In the five benchmark areas on the NSSE survey, the University System and its students received the following results:

  • In the area of academic challenge, USG freshmen and seniors both were found to be engaged at almost the same level as the nation’s students. The median score for USG freshmen was 51, compared to 53 for the nation. For USG seniors, the median score was 56, compared to 57 for the nation.
  • With regard to active and collaborative learning, both USG freshmen and seniors were engaged at levels below the national average. The score for USG freshmen was 38 compared to the national median of 43, while USG seniors scored 48 compared to the national benchmark score of 52.
  • In student/faculty interaction, another benchmark, USG freshmen scored at 28, compared to the national median of 33. The median score for USG seniors was 39, compared to the national score of 44.
  • In terms of their degree of engagement in enriching educational experiences, USG freshmen scored very near their national counterparts (25 for USG freshmen, compared to the national median of 27). USG seniors, whose median score was 36, rated below the national median for seniors of 42.
  • Finally, the highest level of engagement for students in the USG and nationally was in the category of supportive campus climate. The median score for USG freshmen was 58, compared to 61 in the nation; and USG seniors’ median was 56, two points less than the national score of 58.

The CCSSE two-year survey also looked at five benchmark areas: level of academic challenge, students’ experience with active and collaborative learning, student effort, the degree of student and faculty interaction, and the availability of support for learners. Some key findings:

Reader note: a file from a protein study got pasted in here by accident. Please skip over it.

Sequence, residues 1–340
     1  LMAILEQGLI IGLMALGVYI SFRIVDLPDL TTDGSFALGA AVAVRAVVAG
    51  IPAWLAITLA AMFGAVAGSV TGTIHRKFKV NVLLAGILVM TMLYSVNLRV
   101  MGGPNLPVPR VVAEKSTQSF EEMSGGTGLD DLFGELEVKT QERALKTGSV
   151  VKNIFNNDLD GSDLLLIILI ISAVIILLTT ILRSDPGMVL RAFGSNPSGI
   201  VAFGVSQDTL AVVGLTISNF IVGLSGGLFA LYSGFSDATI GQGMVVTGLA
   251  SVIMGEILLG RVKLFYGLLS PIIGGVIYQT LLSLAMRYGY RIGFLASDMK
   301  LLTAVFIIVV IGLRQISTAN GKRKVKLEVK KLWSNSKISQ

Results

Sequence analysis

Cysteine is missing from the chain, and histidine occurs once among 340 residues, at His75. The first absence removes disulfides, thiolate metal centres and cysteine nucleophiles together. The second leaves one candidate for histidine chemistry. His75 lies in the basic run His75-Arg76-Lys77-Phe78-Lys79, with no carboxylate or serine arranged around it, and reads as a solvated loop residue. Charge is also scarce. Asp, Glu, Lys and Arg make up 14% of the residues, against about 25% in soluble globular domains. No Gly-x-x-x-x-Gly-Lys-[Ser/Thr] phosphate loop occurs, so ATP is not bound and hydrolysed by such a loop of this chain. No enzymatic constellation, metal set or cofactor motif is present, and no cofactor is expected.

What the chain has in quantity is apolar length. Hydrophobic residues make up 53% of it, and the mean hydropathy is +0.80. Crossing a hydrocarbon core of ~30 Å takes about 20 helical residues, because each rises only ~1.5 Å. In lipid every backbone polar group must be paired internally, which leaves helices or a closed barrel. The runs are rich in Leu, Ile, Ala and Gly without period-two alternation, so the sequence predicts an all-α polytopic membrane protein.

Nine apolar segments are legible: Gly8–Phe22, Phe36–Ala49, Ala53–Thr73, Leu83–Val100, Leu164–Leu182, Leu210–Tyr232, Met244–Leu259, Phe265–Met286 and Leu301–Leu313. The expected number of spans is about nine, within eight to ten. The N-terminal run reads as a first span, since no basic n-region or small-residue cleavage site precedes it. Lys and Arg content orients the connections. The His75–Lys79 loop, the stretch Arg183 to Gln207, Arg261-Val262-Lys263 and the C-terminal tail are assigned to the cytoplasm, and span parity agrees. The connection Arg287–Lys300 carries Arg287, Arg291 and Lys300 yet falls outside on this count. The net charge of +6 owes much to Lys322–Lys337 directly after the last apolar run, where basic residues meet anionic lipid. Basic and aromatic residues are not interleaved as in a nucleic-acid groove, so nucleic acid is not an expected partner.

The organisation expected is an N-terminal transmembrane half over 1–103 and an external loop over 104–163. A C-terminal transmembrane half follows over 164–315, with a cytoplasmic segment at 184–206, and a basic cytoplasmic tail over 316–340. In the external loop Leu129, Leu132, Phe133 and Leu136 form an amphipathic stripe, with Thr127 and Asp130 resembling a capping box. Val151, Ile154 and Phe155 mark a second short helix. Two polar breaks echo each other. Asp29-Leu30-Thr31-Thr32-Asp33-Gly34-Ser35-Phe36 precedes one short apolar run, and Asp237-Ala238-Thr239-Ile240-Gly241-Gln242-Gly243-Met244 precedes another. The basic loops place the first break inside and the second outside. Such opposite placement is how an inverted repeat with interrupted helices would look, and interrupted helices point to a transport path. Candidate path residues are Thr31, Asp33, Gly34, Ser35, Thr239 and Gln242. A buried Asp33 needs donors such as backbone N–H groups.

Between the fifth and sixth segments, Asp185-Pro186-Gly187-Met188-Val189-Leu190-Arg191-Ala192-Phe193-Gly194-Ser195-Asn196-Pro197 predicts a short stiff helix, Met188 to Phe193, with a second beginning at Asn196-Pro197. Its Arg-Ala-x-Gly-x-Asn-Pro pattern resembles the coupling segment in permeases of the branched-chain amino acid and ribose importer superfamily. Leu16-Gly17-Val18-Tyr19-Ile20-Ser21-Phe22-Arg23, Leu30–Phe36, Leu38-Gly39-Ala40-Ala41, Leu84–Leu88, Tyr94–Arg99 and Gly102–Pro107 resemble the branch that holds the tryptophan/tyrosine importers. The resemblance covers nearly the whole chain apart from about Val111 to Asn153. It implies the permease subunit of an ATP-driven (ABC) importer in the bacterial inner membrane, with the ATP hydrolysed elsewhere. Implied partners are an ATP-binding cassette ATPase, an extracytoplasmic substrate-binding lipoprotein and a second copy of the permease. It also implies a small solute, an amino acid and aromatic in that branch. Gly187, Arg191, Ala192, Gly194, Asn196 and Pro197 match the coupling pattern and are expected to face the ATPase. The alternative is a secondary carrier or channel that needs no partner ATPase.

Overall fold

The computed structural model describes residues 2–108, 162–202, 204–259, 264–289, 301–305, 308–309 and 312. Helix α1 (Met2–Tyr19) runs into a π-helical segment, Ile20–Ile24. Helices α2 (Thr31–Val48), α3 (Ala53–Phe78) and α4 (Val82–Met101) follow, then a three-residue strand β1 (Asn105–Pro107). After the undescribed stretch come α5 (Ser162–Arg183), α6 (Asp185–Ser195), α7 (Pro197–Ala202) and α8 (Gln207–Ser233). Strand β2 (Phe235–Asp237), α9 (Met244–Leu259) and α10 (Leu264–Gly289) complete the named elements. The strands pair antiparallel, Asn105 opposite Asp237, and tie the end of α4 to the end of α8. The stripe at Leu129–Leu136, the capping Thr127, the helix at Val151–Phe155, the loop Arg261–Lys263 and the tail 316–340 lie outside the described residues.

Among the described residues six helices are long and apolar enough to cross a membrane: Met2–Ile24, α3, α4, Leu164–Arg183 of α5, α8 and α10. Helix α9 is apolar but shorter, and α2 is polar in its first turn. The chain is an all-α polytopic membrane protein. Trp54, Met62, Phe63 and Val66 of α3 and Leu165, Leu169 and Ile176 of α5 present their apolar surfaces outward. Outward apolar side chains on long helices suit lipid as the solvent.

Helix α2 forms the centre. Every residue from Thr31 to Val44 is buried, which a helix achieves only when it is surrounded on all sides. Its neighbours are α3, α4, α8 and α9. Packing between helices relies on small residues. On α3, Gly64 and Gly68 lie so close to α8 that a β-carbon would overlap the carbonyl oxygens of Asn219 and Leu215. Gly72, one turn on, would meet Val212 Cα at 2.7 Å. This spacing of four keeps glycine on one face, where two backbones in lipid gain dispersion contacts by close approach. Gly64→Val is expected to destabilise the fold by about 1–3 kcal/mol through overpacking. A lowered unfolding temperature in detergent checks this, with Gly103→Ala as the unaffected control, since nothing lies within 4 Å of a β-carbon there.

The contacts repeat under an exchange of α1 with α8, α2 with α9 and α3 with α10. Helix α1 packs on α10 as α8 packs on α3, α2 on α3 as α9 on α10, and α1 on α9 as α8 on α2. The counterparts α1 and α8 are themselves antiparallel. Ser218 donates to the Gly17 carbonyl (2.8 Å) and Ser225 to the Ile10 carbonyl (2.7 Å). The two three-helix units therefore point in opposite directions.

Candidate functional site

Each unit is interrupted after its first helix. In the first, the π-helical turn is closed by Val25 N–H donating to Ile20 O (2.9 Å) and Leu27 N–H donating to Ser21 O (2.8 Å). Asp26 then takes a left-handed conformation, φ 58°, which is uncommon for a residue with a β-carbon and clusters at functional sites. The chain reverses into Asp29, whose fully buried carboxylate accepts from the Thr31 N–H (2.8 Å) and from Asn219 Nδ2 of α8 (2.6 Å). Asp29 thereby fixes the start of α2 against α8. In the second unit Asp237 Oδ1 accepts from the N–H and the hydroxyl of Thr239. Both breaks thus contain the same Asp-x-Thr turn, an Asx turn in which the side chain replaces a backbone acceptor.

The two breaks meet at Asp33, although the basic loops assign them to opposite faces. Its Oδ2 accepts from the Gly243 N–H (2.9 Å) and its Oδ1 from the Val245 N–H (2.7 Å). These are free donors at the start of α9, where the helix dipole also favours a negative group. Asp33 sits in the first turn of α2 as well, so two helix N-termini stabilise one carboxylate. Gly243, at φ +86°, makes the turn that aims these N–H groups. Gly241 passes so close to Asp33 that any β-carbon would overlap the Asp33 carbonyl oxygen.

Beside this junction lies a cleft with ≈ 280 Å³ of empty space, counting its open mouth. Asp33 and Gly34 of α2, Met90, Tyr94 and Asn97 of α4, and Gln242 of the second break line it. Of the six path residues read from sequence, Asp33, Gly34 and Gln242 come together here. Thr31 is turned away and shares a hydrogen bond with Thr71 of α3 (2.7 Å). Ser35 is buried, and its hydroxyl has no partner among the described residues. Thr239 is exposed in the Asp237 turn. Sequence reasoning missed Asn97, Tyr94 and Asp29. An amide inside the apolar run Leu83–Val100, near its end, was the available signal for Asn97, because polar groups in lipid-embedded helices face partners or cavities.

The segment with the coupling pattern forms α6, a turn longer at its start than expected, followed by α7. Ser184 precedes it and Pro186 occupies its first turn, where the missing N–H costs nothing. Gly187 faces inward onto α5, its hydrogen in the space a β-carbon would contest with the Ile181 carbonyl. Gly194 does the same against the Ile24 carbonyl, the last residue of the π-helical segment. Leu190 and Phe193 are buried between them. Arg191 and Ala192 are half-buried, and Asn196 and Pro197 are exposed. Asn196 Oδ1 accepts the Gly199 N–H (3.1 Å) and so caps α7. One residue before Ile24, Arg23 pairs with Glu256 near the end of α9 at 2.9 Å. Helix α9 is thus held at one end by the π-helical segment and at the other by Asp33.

• Sixty-two percent of students surveyed responded that they asked questions in class “often” or “very often” and 52 percent indicated they discussed course ideas outside of class. Overall, USG students scored slightly higher than the national average on this benchmark area, which covered active and collaborative learning (a mean score of 52 for USG students, compared to 50 for the nation).
  • Fifty-four percent of USG students who responded said they prepared two or more drafts of a paper “often” or “very often,” and only 16 percent said they came to class without completing reading assignments. Again, the USG means score was above the national average on student effort: 53 in the USG, compared to a national means score of 50.

Hudson said the research indicates students are active participants in their college experience. “It’s important to use these results to focus on ways an institution can shape its academic and extracurricular offerings to encourage even stronger student engagement,” she said. Hudson said researchers have shown that higher levels of student and faculty interaction lead to higher graduation rates.

Exactly 529 colleges and universities nationwide participated in the 2005 NSSE survey, including 21 USG four-year institutions. The 2005 CCSSE survey was conducted among 257 colleges nationwide and 13 USG two-year colleges.